Green algae is the most common type of algae found in swimming pools. This type of algae finds it easy to open shop on a pool surface, particularly when chlorine levels are low. You can usually find green algae floating freely in the pool, but it can also cling to the pool surface.

To get rid of green algae, your algaecide of choice should contain a mix of chlorine and a good type of broad-spectrum algaecide. Pool owners must also make sure to balance the level of chlorine in the pool as part of routine pool maintenance.

The black algae, however, is the toughest to handle and invades swimming pools and hot tubs differently than green algae. Black algae usually appear as small black spots on the pool surface but tend to extend roots into the pool’s plaster, which makes it very difficult to eliminate. Regular pool cleaning tools alongside algaecides formulated to combat black algae are particularly useful here.

Combatting black algae in pools and hot tubs can be challenging, but with the right approach, it’s manageable. Here’s a list of tips for pool and hot tub owners dealing with black algae:

  1. Identify Black Algae:
    • Recognize the distinct appearance of black algae, often forming dark green or black spots that adhere firmly to pool surfaces.
  2. Brushing and Scrubbing:
    • Vigorously brush and scrub the affected areas with a stiff pool brush to disrupt the protective layer on the algae and expose it to treatment.
  3. Vacuuming:
    • Use a pool vacuum to remove dislodged black algae and prevent its spores from spreading to other areas of the pool.
  4. Shock Treatment:
    • Apply a strong shock treatment with a high dose of chlorine to kill the algae. Repeat the shock process as needed, following manufacturer guidelines.
  5. Algaecide Application:
    • Use a specialized algaecide formulated to combat black algae. Follow the product instructions carefully and apply directly to affected areas.
  6. Scrubbing Tools:
    • Utilize specialized scrubbing tools, such as algae brushes or pumice stones, to target and remove black algae from pool surfaces.
  7. Maintain Proper Water Chemistry:
    • Ensure proper water balance and chemistry, including pH levels and adequate sanitizer levels, to discourage algae growth.
  8. Sunlight Reduction:
    • Consider using a pool cover or reducing sunlight exposure to inhibit the growth of black algae, which is more resistant to UV rays.
  9. Frequent Testing:
    • Regularly test and monitor pool water parameters to address any imbalances promptly and prevent conditions favorable for black algae growth.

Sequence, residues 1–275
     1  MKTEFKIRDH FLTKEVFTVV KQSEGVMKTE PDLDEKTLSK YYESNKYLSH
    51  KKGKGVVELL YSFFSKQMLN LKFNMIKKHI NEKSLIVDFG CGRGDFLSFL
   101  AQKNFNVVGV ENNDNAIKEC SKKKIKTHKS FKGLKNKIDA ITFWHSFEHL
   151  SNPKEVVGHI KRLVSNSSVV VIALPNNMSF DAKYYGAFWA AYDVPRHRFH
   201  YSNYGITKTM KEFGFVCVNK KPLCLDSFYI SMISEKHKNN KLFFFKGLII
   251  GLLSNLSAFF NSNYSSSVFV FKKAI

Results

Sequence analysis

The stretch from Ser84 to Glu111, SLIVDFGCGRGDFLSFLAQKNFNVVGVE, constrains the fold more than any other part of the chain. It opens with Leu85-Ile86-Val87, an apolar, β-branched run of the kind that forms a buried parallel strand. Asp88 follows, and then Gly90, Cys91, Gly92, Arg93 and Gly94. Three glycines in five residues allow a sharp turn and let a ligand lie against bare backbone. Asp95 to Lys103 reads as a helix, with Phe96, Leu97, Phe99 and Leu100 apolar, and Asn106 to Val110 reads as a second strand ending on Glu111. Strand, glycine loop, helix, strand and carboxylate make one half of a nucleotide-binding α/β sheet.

10. Professional Assistance:
    • If black algae persist, seek assistance from pool professionals who can provide expertise and recommend advanced treatments.

Combating black algae requires persistence and a multi-faceted approach. By combining proper maintenance, targeted treatments, and preventive measures, pool and hot tub owners can effectively manage and eliminate black algae infestations.

in avoiding any form of pool algae in your hot tub. Regular upkeep in terms of scrubbing, filtering, and balancing the chemicals in your pool goes a long way.
While your pool filter helps remove physical debris from the water, heater spare parts maintenance ensures the continued performance of your pool’s heating system. Every pool owner has a unique spa view toward pool maintenance, but one thing remains consistent the need to keep your pool clean and safe.

Regular maintenance on your pool is very important. It keeps your pool looking good, extends the lifespan of your pool’s installation like pool surface, spa heaters, and filters, and ensures the continued enjoyment of your private retreat. A balanced pool and Chlorine will kill any kind of algae regardless of the color, some more stubborn ones need more treatment. Prevention is the best treatment.


Common Types of Green Algae in Pool Water

 Common Green Pool Algae

Coccoid green alga. Unicellular Green Alga, 100X at 35mm. Very common... | Microscopic photography, Biology art, Green algae
Unicellular Green Alga, 100X

The most common and easily recognized of the main types of algae is green algae. Recognizable by its bright green color, this type develops in three stages: teal, dark, and black green. No matter the stage, this algae spreads fast and will coat a pool in a slimy, slick film. Luckily, green pool algae are the most common in pool water and the easiest variety to kill because their the easiest to spot.